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Mental wealth

13 October, 2023

For those who missed it (although it was difficult to escape the flood of social media posts, such as this engaging video by Norwich City Football Club), Wednesday marked World Mental Health Day. This day aims to raise awareness of mental health problems and mobilise efforts to support anyone struggling.

The importance of mental health in the workplace is increasingly recognised, and evidence of the link between a healthy workforce and a strong, thriving economy is growing. An estimated 12 billion working days are lost every year due to depression and anxiety, costing $1trillion globally. Meanwhile, for every $1 invested in mental health interventions in the workplace, there is a $4 return in health and productivity. Therefore, improving your organisation’s mental health is not just a social benefit, it also saves money.

With this in mind, the second CCLA Corporate Mental Health Benchmark was released on World Mental Health Day, highlighting the actions that companies are taking to promote positive mental health in the workplace. 110 of the world’s largest companies were assessed including HSBC, Netflix and Pfizer. They were measured on their approach to workplace mental health across four major themes: management commitment and policy; governance and management; leadership and innovation; and performance reporting and impact.

The results?

Well, there is much that is positive. Almost all (95%) of the companies assessed in 2023 recognise mental health as an important business concern and 78% of companies are providing multiple mental health services. 19 companies also improved upon their performance tier rating in 2023, compared to 2022.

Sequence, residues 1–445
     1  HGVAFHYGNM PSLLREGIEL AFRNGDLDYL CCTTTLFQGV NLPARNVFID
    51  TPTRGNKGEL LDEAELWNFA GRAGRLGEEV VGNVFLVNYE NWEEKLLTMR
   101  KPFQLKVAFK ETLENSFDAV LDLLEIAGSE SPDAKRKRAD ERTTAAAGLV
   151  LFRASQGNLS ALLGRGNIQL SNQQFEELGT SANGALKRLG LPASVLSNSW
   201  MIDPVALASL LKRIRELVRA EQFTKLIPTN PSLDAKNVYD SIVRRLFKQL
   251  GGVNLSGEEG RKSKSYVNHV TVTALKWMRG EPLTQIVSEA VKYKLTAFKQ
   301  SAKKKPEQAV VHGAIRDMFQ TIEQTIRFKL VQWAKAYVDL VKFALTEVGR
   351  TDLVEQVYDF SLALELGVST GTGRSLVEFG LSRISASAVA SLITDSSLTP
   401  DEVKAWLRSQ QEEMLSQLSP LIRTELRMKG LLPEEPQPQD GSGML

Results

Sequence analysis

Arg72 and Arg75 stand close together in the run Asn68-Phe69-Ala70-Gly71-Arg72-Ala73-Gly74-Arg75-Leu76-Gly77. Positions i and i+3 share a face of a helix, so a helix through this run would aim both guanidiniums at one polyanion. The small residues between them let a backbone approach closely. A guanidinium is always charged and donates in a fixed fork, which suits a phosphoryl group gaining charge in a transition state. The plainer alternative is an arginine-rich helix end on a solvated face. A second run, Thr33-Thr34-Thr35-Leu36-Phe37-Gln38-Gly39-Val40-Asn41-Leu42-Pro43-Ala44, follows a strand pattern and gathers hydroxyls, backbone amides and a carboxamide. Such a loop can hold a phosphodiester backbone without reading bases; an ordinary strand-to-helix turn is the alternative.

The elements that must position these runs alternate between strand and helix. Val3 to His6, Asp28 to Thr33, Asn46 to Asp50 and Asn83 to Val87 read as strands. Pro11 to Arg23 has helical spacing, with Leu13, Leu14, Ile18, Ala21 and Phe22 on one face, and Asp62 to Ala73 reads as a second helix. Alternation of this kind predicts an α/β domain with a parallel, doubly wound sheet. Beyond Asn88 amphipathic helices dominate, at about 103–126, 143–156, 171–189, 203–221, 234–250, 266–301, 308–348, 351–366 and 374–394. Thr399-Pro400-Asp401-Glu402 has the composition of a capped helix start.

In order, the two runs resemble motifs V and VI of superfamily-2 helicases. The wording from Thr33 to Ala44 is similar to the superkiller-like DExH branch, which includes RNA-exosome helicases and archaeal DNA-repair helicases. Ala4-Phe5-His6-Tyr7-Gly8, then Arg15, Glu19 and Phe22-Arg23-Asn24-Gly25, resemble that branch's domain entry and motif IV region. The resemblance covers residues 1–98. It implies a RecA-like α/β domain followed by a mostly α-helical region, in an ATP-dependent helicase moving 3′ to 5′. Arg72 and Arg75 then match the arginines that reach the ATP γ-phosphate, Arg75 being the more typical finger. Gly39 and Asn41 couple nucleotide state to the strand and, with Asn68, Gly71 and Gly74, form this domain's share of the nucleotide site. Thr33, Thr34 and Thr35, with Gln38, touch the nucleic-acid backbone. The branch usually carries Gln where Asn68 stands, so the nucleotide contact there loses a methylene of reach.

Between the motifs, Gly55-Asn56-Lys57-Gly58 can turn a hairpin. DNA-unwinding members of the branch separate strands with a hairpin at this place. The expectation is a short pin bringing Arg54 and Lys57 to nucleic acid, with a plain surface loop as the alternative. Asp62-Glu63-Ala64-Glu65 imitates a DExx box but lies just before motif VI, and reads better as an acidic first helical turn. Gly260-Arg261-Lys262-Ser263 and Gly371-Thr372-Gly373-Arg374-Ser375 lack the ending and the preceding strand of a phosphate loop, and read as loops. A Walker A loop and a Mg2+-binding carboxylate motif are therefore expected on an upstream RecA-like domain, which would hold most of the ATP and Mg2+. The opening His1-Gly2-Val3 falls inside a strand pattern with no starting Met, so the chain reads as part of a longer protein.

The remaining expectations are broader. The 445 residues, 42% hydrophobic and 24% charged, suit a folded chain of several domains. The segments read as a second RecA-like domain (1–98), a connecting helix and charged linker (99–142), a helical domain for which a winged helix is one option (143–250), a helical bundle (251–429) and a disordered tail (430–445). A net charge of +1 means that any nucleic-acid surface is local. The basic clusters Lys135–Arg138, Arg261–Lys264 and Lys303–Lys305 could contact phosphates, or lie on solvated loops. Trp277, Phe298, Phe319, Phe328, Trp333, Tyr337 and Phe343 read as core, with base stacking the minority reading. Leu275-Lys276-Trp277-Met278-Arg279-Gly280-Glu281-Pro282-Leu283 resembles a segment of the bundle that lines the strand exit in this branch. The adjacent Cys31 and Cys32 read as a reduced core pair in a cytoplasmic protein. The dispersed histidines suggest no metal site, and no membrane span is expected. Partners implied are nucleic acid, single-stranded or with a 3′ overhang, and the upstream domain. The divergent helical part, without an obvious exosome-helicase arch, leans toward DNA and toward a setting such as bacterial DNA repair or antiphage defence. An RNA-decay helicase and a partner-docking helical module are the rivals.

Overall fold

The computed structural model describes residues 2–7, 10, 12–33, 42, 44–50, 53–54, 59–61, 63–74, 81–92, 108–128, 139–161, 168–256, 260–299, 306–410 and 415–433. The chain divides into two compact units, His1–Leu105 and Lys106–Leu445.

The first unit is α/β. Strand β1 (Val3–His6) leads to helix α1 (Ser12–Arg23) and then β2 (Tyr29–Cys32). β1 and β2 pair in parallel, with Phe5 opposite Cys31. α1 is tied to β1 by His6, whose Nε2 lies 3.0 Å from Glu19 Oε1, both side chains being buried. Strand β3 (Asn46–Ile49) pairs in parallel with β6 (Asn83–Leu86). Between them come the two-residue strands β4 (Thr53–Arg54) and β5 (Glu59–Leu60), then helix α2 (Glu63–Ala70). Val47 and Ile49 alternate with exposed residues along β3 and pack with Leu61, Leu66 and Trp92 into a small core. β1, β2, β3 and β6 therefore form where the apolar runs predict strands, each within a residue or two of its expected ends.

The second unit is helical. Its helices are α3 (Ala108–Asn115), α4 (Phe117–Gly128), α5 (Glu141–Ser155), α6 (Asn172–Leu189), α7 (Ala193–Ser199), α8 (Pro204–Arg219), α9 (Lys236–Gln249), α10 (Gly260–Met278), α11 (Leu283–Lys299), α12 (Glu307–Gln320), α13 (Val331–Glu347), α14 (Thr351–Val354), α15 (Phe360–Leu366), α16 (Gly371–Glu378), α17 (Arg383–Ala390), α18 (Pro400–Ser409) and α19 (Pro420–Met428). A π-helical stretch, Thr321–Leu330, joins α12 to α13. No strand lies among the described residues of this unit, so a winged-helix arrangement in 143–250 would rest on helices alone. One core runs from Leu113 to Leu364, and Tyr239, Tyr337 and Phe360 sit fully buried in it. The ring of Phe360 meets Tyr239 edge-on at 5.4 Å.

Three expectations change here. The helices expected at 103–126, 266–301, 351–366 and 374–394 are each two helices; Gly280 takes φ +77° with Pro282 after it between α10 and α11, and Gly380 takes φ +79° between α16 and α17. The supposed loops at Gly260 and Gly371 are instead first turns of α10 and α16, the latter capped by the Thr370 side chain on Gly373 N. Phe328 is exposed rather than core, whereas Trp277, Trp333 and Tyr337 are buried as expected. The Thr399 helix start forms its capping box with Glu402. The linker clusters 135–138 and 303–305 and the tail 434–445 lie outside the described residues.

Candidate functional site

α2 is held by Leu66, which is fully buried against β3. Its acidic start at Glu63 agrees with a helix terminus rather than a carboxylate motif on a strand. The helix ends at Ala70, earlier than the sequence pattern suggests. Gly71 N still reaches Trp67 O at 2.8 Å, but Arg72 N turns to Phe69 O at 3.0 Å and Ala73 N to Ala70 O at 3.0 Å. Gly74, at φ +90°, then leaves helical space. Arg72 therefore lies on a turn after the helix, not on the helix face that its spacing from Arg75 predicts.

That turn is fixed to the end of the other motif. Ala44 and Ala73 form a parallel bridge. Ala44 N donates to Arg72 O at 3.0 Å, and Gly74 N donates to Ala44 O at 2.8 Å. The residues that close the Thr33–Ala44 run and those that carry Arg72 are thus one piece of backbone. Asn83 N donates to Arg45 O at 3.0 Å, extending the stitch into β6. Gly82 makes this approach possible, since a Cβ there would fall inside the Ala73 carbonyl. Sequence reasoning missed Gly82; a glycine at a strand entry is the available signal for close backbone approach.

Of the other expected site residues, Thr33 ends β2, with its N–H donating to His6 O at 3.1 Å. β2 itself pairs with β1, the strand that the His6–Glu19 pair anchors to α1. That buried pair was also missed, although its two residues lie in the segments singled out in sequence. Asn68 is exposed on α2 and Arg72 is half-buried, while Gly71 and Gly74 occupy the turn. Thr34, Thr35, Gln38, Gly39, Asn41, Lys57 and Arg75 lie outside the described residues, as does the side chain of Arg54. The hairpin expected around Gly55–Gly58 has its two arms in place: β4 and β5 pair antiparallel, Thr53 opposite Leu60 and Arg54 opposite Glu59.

However, it is not all good news. CEOs seem to have commitment issues when it comes to mental health declarations, with only 17% sharing public pledges. The CCLA suggest by speaking out about the importance of good mental health at work, CEOs can enhance efforts to destigmatise mental health. More work is also needed to train line managers to provide critical support to their employees, with currently only 22% of companies disclosing this.

Nevertheless, in its second year the CCLA Corporate Mental Health Benchmark is already driving improvements in workplace mental health, enabling greater transparency and accountability, and allowing stakeholders and investors to easily assess corporate management of mental health risks and opportunities globally. Businesses need to capitalise on this opportunity and recognise that investment in mental health initiatives can result in a happy, thriving workforce and economic benefits.

By Charlotte Pounder

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